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PM Skerrit makes impassioned plea for regional support of Haiti

Street scene in Haiti

CARICOM Chairman, Prime Minister Roosevelt Skerrit has called on the Caribbean Community to provide a collective commitment and support to Haiti as that country is presently faced with security issues. CARICOM Heads plan to meet virtually this week to address these concerns.

“For me, as Chairman of the conference of heads I have indicated, very sincerely, that the Haitian situation is my number one priority,” he said. “We owe it to the Haitian people and it is important that the entire Caribbean Community, not only Heads of Government, but the entire Caribbean Community is engaged and [aware] of the issues confronting Haiti and for us to collectively provide that moral, collective commitment and support to Haiti.”

According to Mr. Skerrit, CARICOM has to guard against any attitudes of Haiti fatigue from various quarters around the world.

“We are in touch with members of the security council, because at the end of the day, it’s the security council that’s going to make a determination as to what kind of support the United Nations can provide,” he explained.

He further explained that there are countries who want to provide support, but would want to have a UN decision to provide them with the necessary legal cover of being present in Haiti.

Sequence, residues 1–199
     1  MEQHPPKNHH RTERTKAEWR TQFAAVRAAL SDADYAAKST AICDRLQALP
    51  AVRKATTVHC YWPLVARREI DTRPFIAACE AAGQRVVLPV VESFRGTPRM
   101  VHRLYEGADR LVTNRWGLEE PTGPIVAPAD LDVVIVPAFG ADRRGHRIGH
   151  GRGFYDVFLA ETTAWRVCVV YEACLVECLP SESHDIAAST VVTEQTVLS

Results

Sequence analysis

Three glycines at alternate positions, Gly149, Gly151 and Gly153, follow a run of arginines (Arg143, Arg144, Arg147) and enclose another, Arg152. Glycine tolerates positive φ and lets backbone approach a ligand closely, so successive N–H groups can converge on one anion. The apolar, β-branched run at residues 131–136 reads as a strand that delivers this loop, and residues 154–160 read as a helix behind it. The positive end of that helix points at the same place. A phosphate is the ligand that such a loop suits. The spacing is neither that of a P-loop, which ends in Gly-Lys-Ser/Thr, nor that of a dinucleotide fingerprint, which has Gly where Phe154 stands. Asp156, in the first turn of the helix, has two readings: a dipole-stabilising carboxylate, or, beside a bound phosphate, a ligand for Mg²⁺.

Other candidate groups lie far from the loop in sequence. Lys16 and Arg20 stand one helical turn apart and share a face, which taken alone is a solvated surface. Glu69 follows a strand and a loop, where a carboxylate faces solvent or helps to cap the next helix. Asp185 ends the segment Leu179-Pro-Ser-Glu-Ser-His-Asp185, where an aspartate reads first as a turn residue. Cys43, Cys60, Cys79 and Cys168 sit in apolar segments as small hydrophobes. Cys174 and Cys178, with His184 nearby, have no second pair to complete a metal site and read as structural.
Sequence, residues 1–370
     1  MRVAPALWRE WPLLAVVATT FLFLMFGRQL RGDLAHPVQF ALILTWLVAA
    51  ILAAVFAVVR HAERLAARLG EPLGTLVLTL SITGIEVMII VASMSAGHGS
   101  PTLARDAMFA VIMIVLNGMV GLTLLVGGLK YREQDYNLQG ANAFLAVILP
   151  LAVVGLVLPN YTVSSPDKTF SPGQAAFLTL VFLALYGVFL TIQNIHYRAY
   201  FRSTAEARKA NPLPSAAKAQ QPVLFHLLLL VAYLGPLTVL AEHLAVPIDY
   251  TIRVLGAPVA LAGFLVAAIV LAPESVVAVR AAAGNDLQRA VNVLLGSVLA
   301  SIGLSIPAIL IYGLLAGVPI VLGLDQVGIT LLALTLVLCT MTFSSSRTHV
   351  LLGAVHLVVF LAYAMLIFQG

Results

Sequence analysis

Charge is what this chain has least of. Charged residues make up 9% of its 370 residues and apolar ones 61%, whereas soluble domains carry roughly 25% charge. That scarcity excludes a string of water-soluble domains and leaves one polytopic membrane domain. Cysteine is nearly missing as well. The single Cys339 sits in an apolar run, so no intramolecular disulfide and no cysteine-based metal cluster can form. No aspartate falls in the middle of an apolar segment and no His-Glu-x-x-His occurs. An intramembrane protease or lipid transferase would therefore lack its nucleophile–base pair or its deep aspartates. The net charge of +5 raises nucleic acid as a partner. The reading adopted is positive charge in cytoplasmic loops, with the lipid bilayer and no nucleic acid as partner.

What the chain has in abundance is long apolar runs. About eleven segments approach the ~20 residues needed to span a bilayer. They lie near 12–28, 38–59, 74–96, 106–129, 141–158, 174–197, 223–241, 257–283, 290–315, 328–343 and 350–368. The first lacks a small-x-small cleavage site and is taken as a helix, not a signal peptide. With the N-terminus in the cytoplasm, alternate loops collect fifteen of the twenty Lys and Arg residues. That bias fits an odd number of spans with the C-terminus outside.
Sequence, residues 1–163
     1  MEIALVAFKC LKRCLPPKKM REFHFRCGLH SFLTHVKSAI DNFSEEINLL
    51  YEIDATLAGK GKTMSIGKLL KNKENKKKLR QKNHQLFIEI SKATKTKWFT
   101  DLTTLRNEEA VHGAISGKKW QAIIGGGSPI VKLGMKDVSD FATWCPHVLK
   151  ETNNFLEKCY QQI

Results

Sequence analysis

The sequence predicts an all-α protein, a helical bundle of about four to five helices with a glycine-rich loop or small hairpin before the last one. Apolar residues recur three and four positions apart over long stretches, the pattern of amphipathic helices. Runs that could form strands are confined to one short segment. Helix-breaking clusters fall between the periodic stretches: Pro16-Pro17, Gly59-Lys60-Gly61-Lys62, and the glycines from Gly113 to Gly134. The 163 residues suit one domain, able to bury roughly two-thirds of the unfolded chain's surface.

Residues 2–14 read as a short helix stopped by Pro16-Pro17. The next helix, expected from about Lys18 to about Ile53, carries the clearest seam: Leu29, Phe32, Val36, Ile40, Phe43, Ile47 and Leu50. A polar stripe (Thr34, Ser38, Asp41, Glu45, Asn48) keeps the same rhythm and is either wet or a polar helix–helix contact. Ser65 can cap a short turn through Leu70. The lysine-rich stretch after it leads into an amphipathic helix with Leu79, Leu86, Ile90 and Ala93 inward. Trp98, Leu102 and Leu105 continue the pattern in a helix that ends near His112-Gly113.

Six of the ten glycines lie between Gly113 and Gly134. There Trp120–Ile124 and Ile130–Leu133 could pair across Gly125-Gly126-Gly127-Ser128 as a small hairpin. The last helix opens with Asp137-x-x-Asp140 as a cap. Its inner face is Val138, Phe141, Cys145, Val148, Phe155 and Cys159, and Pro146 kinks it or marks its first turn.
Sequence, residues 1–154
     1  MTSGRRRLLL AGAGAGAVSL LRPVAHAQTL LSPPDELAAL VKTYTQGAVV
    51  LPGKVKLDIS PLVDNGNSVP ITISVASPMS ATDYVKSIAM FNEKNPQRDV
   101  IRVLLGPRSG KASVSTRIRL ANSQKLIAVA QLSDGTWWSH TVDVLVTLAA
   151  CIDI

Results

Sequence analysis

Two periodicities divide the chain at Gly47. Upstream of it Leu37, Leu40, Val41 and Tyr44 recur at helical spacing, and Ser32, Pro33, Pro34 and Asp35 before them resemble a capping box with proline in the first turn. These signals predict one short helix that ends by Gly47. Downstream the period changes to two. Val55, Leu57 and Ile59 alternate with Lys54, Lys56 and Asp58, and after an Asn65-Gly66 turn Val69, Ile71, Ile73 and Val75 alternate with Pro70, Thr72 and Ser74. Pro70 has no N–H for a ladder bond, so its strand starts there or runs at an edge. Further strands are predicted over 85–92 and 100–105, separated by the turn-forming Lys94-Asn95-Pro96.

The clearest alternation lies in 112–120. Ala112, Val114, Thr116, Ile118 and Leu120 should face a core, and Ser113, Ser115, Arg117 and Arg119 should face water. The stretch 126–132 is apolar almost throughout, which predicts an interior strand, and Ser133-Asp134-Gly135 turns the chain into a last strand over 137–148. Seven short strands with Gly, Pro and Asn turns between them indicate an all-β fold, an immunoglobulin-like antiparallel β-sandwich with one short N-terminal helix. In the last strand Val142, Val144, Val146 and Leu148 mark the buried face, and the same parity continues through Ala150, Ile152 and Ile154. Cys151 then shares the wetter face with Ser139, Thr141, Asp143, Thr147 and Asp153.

An article published on September 1, 2023, on  stated that Haiti is in the grip of “extreme brutality”, with gang-related violence continuing to force thousands from their homes amidst widespread suffering, said the UN’s top humanitarian official there. The desperate situation prompted a tweet on Friday from Emergency Relief Coordinator Martin Griffiths calling for an immediate end to the fighting.

“This carnage needs to stop,” said the UN relief chief.

The article further stated that in the past two weeks alone, 71 people have been killed and injured in capital Port-au-Prince, marking a major escalation, according to UN Humanitarian Affairs office, OCHA, which Mr. Griffiths heads.

“Entire families, including children, were executed while others were burned alive. This upsurge in violence has caused unspeakable continued suffering of Haitians,” Philippe Branchat, acting UN Humanitarian Coordinator in the country said in a news release on Thursday.

So far this year, gang violence in the Caribbean country has claimed more than 2,500 lives, with over 1,000 injured.

At least 970 Haitians have been kidnapped, and 10,000 forcibly displaced from their homes.

The latest wave of violence has also resulted in the forced displacement of over ten thousand people who have sought refuge in spontaneous camps and host families.